2023-06-09T21:11:40.951144Z  INFO futuristic_restaurant: Hello, you futuristic restaurant!

Oh no, where has our Future gone?

Cool Duck says

It was dropped. You can see in the Output that that guest nothing unless you either poll it or await it(where the executor polls it until it is ready). In fact that is the only way for a Future to do anything. With poll you ask the function whether it is ready(like the guest being ready to order) and it returns the Poll. Awaiting polls something as long as it is ready.

And we can print when he leaves using this:

/// The Drop Trait is typically implemented for Data that needs to do extra work on Cleanup(like many heap allocated things like Vec, Box etc.)
/// It is called automatically when an object goes out of scope, a core part of RAII(Resource Acquisition Is Initialization)
impl Drop for Guest{
	fn drop(&mut self) {
        println!("I'm leaving... I've been sitting here for hours");
        // We don't need to do more because the compiler does the rest for us
    }
}

Alright! Let’s await our Guest.

async fn main() {
    tracing_subscriber::fmt::init();
    info!("Hello, you futuristic restaurant!");
    let guest = Guest::new_waiting_guest();
    // Note that we need to be in an async function to await something
    println!("{}", guest.await);
}
cargo r -q
2023-06-10T16:05:21.679489Z  INFO futuristic_restaurant: Hello, you futuristic restaurant!
2023-06-10T16:05:22.679536Z  INFO futuristic_restaurant: Here's my order:
A plate of whimsical unicorn-shaped spaghetti!

And you may have spotted that we could do this just as well in a blocking fashion, which absolutely true. But as we add more guests the overhead of blocking is much higher. Async is especially useful in cases where we’re dealing with IO(especially networking). For example when you have a webserver and have to serve many requests where some may be on a really slow connection it is really inefficient to spawn actual threads for every one of them especially when they are not doing something most of the time. The executor(in our case tokio) then suspends our tasks and polls other tasks depending on when they get a wake.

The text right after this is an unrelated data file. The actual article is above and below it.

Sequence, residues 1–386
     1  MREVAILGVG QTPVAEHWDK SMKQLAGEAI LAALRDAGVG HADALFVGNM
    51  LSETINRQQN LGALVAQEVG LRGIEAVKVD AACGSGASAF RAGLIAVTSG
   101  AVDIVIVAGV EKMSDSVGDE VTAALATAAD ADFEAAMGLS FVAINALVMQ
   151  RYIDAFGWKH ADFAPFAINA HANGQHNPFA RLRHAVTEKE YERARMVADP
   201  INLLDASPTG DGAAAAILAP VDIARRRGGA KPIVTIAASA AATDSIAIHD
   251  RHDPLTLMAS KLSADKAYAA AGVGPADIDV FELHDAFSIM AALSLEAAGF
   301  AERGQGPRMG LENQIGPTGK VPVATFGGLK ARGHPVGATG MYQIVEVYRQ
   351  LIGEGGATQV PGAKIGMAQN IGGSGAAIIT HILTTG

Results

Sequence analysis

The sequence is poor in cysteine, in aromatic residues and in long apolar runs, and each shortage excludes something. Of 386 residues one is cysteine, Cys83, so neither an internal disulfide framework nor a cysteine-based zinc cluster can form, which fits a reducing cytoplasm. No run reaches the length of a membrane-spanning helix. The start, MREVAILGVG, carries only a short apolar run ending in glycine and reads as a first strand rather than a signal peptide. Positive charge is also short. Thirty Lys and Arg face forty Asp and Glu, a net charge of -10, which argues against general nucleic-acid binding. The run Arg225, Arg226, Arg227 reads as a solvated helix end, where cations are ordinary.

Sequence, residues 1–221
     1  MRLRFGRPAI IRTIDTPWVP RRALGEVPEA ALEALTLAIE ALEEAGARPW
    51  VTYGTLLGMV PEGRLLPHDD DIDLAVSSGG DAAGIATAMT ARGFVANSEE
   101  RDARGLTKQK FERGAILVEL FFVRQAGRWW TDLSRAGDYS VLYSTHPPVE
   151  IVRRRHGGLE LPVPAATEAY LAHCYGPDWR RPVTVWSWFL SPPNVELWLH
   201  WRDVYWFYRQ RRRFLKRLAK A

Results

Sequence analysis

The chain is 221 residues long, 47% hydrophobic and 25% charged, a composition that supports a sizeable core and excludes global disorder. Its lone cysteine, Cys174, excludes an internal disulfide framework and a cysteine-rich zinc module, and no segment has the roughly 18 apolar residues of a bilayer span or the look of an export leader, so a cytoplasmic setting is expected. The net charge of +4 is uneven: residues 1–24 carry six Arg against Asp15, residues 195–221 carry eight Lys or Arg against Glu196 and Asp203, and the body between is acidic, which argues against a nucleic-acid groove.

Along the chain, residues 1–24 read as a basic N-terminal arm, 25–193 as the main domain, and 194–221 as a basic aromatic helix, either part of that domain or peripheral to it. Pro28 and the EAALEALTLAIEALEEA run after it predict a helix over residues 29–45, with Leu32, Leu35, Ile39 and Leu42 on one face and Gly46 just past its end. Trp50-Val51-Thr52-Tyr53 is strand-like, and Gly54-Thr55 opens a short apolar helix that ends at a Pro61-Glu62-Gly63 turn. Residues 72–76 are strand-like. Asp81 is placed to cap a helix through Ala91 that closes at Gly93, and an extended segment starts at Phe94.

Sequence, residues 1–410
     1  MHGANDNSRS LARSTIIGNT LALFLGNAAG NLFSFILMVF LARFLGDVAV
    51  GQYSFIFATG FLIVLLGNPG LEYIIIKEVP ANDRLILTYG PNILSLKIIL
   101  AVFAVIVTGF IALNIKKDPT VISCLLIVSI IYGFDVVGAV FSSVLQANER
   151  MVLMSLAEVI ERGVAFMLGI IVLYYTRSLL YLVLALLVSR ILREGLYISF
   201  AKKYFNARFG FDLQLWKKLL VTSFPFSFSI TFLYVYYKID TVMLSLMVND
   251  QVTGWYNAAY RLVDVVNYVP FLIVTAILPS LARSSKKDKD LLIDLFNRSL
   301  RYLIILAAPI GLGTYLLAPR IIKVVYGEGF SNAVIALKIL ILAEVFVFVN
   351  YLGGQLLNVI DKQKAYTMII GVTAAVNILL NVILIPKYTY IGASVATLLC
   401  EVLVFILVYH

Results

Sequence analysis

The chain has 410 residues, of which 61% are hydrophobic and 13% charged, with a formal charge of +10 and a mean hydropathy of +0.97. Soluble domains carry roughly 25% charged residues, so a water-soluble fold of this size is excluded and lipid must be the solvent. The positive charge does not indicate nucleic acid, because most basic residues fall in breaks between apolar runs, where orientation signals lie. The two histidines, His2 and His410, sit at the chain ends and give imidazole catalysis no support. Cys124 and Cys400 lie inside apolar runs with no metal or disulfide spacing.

A good example of this is implementing a webserver. You can either do it in a blocking manner(where it would be pretty much impossible to reach 1000 requests on one server) or do it asynchronously, where we spawn an async task for every connection and can handle many connections asynchronously, some even on a single thread(Caution: multiple threads = concurrent, asynchronous = not actually concurrent).

Here is a small example of how to do this with Actix-web(currently the #2 web framework in Rust):

cargo new single_threaded_webserver
cargo add tokio --features full
cargo add actix_web
use actix_web::{get, App, HttpServer, Responder};

#[get("/")]
async fn greet() -> impl Responder{
    format!("Hello futuristic restaurant!")
}

// With flavor we can choose how many worker threads we want
#[tokio::main(flavor="current_thread")]
async fn main() {
    HttpServer::new(||{
        App::new().service(greet)
    })
    .bind(("127.0.0.1", 8080)).expect("Port is already in use!")
        .run()
        .await;
}

And now we have a concurrent, single-threaded webserver. Note that in production we would want to have tokio spawn multiple threads(via tokio::main) that can work off multiple tasks concurrently. But types in tasks have to implement Send (and sometimes even Sync) which can be more difficult because it may move between threads(Because in our analogy the now multiple waiters would have to pass information over).

Enjoy your food! Unicorn shaped spaghetti Image generated using Stable Diffusion 1.5

Credits

Thanks to my sponsors flyaruu for making these posts possible!